Since the model is nonparametric, mixture components are added depending on the birth threshold comp_birth_thres (higher means less frequen births) and existing components are pruned depending on the death threshold comp_death_thres.

Hyperparameters

DPMMs tend to be very sensitive to its hyperparameters. Therefore, it is important to monitor the fitted result and tweak the hyperparameters accordingly. Here are the implications of each hyperparameter:

• comp_mu: Prior mean of the components
• comp_lambda: Prior precision of the components. This affects the dispersion of the components relative to the scale of each component. (Smaller the more dispersed.) (comp_lambda > 0)
• comp_alpha: Gamma shape parameter of the scale (inverse of the variance) of each component. (comp_alpha > 0)
• comp_beta: Gamma scale parameter of the scale (inverse of the variance) of each component. (comp_beta > 0)
• dirichlet_alpha: Initial weight of a newly added component. Larger values result in more components being created. (dirichlet_alpha > 0)
• comp_birth_thres: Threshold for adding a new component (highly affected by dirichlet_alpha)
• comp_death_thres: Threshold for prunning (or killing) an existing component.

A mechanical procedure for setting the component hyperparameters is to first set comp_alpha > 2. This ensures the variance to be finite. Then, solve comp_beta such that the Gamma distribution concentrates most of the probability density on the expected range of 1/τₖ, the variance of each component. Finally, solve for comp_lambda such that the marginal density of μₖ, which is a Student-T distribution

p(μₖ | λ₀, α₀, β₀)
= ∫ p(μₖ | τₖ, μ₀, λ₀) p(τₖ | α₀, β₀) dτₖ
= ∫ N(μₖ; μ₀, 1/sqrt(λ₀*τₖ)) Gamma(τₖ; αₖ, βₖ) dτₖ
= TDist( 2*α₀, μ₀, sqrt(β₀/(λ₀*α₀)),

has its probability density concentrated on the expected range of the component means.

Below is a implementing the prior elicitation procedure described above:

using Roots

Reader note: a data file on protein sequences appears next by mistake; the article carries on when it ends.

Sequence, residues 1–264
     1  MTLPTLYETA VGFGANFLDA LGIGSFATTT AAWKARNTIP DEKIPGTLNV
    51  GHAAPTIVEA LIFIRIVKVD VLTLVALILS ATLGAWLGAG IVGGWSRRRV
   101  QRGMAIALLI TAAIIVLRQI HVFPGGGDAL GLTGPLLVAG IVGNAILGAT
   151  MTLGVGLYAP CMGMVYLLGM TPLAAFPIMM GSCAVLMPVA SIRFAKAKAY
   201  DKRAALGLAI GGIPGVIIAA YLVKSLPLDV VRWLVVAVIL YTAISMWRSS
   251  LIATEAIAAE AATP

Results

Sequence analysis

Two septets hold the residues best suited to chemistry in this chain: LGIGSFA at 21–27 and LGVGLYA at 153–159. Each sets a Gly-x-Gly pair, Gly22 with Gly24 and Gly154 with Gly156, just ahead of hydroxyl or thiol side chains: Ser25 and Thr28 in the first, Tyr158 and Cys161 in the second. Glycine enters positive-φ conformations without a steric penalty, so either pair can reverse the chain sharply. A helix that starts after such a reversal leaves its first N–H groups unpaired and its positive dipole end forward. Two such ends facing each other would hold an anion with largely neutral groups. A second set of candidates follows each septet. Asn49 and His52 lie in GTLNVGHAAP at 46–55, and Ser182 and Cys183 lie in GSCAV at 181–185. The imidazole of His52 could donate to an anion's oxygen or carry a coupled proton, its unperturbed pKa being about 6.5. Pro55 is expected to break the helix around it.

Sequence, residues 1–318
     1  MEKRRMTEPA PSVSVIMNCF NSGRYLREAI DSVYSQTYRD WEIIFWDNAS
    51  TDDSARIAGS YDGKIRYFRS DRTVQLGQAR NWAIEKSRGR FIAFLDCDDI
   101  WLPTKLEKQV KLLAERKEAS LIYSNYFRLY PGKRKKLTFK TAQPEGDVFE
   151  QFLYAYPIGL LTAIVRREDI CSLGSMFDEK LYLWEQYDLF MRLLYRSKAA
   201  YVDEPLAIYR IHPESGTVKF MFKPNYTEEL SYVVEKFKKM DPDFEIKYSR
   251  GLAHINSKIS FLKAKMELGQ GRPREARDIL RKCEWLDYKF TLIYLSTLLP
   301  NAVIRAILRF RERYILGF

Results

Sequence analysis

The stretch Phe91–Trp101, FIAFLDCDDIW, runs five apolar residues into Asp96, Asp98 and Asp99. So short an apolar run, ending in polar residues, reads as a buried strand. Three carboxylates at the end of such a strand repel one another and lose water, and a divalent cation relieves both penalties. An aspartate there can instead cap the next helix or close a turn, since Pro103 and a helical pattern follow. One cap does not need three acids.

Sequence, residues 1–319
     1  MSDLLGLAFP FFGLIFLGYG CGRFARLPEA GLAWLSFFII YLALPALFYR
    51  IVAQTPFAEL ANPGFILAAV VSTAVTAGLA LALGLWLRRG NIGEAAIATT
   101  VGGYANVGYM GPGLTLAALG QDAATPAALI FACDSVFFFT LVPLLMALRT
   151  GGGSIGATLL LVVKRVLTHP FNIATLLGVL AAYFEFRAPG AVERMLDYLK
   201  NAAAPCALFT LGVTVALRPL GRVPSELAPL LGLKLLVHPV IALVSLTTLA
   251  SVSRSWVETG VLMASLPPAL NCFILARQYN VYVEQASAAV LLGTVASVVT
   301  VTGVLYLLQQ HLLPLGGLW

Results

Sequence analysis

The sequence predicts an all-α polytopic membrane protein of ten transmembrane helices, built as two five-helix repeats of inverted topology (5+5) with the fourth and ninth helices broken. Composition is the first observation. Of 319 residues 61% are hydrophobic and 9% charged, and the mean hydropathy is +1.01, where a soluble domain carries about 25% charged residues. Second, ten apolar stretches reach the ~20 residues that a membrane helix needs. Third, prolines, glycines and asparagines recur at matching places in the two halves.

prob_τₖ = 0.8
τₖ_max  = 0.5
μ₀      = 0.0
α₀      = 2.1
prob_μₖ = 0.8
μₖ_min  = -2
μₖ_max  = 2

β₀ = find_zero(β₀ -> cdf(InverseGamma(α₀, β₀), τₖ_max) - prob_τₖ, (1e-4, Inf))
λ₀ = find_zero(λ₀ -> begin
p_μ = TDist(2*α₀)*sqrt(β₀/(λ₀*α₀)) + μ₀
cdf(p_μ, μₖ_max) - cdf(p_μ, μₖ_min) - prob_τₖ
end, (1e-4, 1e+2))

prob_* sets the amount of density on the desired range. τₖ_max, μₖ_min, μₖ_max is the expected range of each parameters. Since we leave 1 - prob_* density on the tails, these are soft contraints.

Unfortunately, dirichlet_alpha, comp_birth_thres, comp_death_thres can be tuned only through trial and error. However, dirichlet_alpha is best set 0.5 ~ 1e-2 depending on the desired number of components.

Example

n    = 1024
μ    = 0.0
λ    = 0.1
α    = 2.1
β    = 0.5
α_dp = 1.0
o    = DPMM(μ, λ, α, β, α_dp; comp_birth_thres=0.5,
comp_death_thres=1e-2, n_comp_max=10)
p = MixtureModel([ Normal(-2.0, 0.5), Normal(3.0, 1.0) ], [0.7, 0.3])
o = fit!(o, rand(p, 1000))
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OnlineStats.DWDLossType
DWDLoss(q)(y, xβ)

Distance-weighted discrimination loss function (smoothed l1hingeloss) with smoothing parameter q. Loss is calculated between a boolean response y ∈ {-1, 1} and linear predictor xβ.

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OnlineStats.DiffType
Diff(T::Type = Float64)

Track the difference and the last value.

Example

o = Diff()
fit!(o, [1.0, 2.0])
last(o)
diff(o)
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OnlineStats.ElasticNetType
ElasticNet(α)

Weighted average of Ridge (abs) and LASSO (abs2) penalty functions.

$(1 - α) * Ridge + α * LASSO$

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OnlineStats.ExpandingHistType
ExpandingHist(nbins)

An adaptive histogram where the bin edges keep doubling in size in order to contain every observation. nbins must be an even number. Bins are left-closed and the rightmost bin is closed, e.g.

• [a, b), [b, c), [c, d]

Example

o = fit!(ExpandingHist(200), randn(10^6))

using Plots
plot(o)

Details

How ExpandingHist works is best understood through example. Suppose we start with a histogram of edges/counts as follows:

|1|2|5|3|2|
• Now we observe a data point that is not contained in the bin edges:
|1|2|5|3|2|       *
• In order to contain the point, the range of the edges doubles in the direction of the new data point and adjacent bins merge their counts:
|1|2|5|3|2|       *
\ / \ / \ /      ↓
↓   ↓   ↓       ↓
| 3 | 8 | 2 | 0 | 1 |
• Note that multiple iterations of bin-doubling may occur until the new point is contained by the bin edges.
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OnlineStats.FastForestType
FastForest(p, nkeys=2; stat=FitNormal(), kw...)

Calculate a random forest where each variable is summarized by stat.

Keyword Arguments

• nt=100: Number of trees in the forest